In “Wake Up Call with Three Black Cats at 4 AM,” the titular cats make dreamlike havoc of the situation—but it goes beyond the surreal depiction of interrupted sleep to bring it closer to a kind of social commentary, as we see that the cats are somehow embodiments of what can keep us awake in the full horrors of the issues at stake. I will let the viewer tease out what those are, since they are so obvious they do not warrant mentioning.
But cats are not the only animalia represented in this series. Midnight Talkers + Internal Monologues is in fact a virtual menagerie of dreamlike, animal-adjacent creatures, most of them multiple-eyed, as if inviting us to think of these figures as “all-knowing” and “all-seeing,” our troubled psyches and dreamlike stances becoming zoos of all kinds of unfiltered feelings and raw emotions. But the exhibit also gives us an autobiographical invitation—via the captions here and there on the paintings giving us slivers of understanding the artist compelled to put on canvas these startling images.
There’s the pink monkey [or bear?] of “The Calm and the Elusive Dreamers Under the Bored Pink Sky,” doing a madonna-and-child repose whose eyes hint of a world-weariness, but as underscored by captions that read, “I dreamt like it’s 1983,” and also “I sleep talk like my five year old self,” we reconsider the significance of that smaller figure in the arms of the bigger figure—depictions of longed for innocence in childhood in the arms of ennui-filled adulthood.
There’s the multi-armed and double-eyed pig [or dog?] of “Dream is Over—Some Beginning’s End,” which carries over the previous painting’s sense of ennui. That boredom with the world, and with life, turns a more positive note in “Midnight Mystic Musing,” however; here, an owl embraces two frogs [or salamanders?] in the bluesiness of sleep, and tells us to “dream a little dream of me, and you,” like the song, which proves this series can be quite weirdly whimsical, too, despite its surreal and often devastating searches for meaning. It’s a whimsy though that is drenched in strong Dumaguete Tanduay-tagay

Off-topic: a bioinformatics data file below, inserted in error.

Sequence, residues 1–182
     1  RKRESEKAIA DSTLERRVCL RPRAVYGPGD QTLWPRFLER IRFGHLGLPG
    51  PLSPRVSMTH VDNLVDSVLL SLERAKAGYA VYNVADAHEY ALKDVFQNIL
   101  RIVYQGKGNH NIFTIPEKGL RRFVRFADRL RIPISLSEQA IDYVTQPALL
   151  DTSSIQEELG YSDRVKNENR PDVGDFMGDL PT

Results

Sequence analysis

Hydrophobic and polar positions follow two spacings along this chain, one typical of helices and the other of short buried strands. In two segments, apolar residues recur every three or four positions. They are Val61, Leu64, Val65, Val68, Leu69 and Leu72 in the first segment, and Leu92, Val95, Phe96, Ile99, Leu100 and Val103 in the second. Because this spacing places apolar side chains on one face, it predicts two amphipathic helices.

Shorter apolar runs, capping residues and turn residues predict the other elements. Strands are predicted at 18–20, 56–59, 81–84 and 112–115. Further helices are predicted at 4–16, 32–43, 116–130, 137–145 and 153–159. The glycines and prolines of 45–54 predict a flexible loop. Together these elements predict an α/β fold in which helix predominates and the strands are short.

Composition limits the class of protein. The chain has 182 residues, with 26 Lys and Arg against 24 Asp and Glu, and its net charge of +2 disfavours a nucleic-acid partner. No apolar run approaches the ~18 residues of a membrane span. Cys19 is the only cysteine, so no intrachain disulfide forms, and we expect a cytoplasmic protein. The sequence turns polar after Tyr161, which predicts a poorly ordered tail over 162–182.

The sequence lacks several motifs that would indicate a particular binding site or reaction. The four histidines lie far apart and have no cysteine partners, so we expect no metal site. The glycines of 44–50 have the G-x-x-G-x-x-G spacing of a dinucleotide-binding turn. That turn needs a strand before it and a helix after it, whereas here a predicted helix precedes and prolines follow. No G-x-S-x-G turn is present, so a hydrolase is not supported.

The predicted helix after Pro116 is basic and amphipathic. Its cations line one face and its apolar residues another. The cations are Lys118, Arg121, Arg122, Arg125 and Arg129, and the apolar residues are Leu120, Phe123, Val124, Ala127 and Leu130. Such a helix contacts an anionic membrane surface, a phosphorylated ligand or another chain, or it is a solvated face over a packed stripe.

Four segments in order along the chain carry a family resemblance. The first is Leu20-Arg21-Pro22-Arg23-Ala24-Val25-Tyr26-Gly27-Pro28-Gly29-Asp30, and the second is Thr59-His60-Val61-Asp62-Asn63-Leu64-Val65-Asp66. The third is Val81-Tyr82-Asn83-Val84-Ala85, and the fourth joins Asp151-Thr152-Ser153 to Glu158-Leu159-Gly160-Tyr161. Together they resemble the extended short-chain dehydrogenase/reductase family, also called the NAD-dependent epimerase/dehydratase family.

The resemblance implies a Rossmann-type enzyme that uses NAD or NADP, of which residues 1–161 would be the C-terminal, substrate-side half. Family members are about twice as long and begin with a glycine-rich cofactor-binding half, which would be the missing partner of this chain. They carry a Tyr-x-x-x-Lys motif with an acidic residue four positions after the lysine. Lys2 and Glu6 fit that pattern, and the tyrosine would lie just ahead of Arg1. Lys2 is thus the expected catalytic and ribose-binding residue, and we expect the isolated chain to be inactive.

, allowing the images to cross the gamut of excitation and exasperation.
This singular whimsy is embodied more fully in two paintings, again showcasing some kind of animals—a porcupine? a chicken? an octopus? a whale? a carabao? does it matter?—and again drenching them in surreal landscape, enlivened by captions that are snippets of every day expressions of vexations, such as in “Brain Critters on Graveyard Shift,” where one line of scrawled text cries, “Unsa na pud?” immediately followed by “Pastilan!” and “Samoka gud” and “… Utang na sad” and “Mantiaw” and “Nia na sad” and “Mao ba?” But in “Her Song Lingers, Usahay,” they become overtures of romantic expressions—in this case, snippets of lyrics from the famous Bisaya ballad.
I’m sure there is a bigger zoo in store containing more animals from Raz Salvarita’s surreal landscape, but as a glimpse of what’s to come, Midnight Talkers + Internal Monologues
are appetizers. Paintings that are foregrounded as playful, but also somehow deeply thoughtful and subversive in their existential melancholy.
Labels: art and culture, artists, dumaguete, painting, review